By Mitchel Ondili
Communications Authority of Kenya v Okiya Omtatah Okoiti & 8 others  eKLR
Under the Global System for Mobile Communication (GSM) standards, each mobile device bears a unique quality mark known as the International Mobile Equipment Identity (IMEI) number, which is issued by the Global System for Mobile Communications association (GSMA). The GSMA maintains a central database containing the IMEI numbers of manufactured devices.
The East African Communications Organization, of which Kenya is a member, implemented an Equipment Identification Register (EIR) to tackle counterfeit and illegal phones. The system allows networks to keep list of blacklisted lost or stolen phones and automatically connects to the GSMA IMEI database to share that list with other operators in order to block them on both local and international networks. This resulted in the switch off of 1.89 million illegal mobile handsets by September 2012.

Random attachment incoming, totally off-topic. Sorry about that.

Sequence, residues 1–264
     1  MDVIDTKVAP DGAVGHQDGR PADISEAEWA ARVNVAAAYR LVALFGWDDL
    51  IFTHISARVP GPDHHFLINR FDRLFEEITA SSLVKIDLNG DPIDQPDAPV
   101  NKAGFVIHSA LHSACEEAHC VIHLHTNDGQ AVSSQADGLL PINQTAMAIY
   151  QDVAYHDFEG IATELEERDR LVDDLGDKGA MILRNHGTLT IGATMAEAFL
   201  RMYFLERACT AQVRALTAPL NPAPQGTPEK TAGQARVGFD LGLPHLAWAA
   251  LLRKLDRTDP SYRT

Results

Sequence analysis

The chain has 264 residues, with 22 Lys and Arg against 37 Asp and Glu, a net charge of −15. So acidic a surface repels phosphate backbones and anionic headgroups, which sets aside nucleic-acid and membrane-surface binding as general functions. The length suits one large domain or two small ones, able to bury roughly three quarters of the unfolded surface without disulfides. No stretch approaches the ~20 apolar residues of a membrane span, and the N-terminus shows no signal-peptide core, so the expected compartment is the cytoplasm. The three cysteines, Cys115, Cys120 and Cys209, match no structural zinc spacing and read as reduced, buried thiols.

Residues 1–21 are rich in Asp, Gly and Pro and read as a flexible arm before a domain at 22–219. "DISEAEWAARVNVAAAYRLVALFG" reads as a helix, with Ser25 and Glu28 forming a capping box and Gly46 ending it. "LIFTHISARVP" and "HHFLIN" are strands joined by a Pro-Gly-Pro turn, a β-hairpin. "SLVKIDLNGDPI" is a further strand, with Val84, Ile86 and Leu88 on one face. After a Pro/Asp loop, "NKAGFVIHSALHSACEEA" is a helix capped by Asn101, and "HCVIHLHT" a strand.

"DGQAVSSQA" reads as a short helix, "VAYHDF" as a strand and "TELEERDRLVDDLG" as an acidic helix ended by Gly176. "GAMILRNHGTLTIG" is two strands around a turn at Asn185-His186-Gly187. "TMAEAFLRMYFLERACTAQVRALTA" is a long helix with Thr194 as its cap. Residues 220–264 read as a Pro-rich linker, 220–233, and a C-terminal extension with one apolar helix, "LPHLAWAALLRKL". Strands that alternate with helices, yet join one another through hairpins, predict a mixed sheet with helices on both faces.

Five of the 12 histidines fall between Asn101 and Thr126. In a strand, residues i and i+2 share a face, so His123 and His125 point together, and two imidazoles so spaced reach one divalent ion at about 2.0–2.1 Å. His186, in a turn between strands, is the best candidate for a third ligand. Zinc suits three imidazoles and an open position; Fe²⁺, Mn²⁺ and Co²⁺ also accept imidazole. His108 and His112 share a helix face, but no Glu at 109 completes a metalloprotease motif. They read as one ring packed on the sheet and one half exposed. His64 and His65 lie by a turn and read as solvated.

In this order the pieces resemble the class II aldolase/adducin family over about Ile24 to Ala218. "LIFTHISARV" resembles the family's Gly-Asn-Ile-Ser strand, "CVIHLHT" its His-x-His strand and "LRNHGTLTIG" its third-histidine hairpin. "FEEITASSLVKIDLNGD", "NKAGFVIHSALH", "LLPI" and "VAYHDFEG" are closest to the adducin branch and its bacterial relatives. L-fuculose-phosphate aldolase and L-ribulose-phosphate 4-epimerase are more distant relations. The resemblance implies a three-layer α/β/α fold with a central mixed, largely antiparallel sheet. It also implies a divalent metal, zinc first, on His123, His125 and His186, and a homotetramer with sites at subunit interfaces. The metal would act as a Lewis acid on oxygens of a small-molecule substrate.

The victory was short lived as this measure had a dual effect on those running counterfeit or illegal operations as regards mobile communication. First, they began to clone genuine IMEI numbers to slip through detection, secondly, they began to engage in SIM boxing which refers to bypassing the international mobile carrier legal route and evading license fees in the process.
The Communications Authority of Kenya (CAK) proposed the introduction of the Device Management System (DMS), intending to curb the newer methods of introducing and using counterfeit and illegal mobile devices.
The DMS would:Continue reading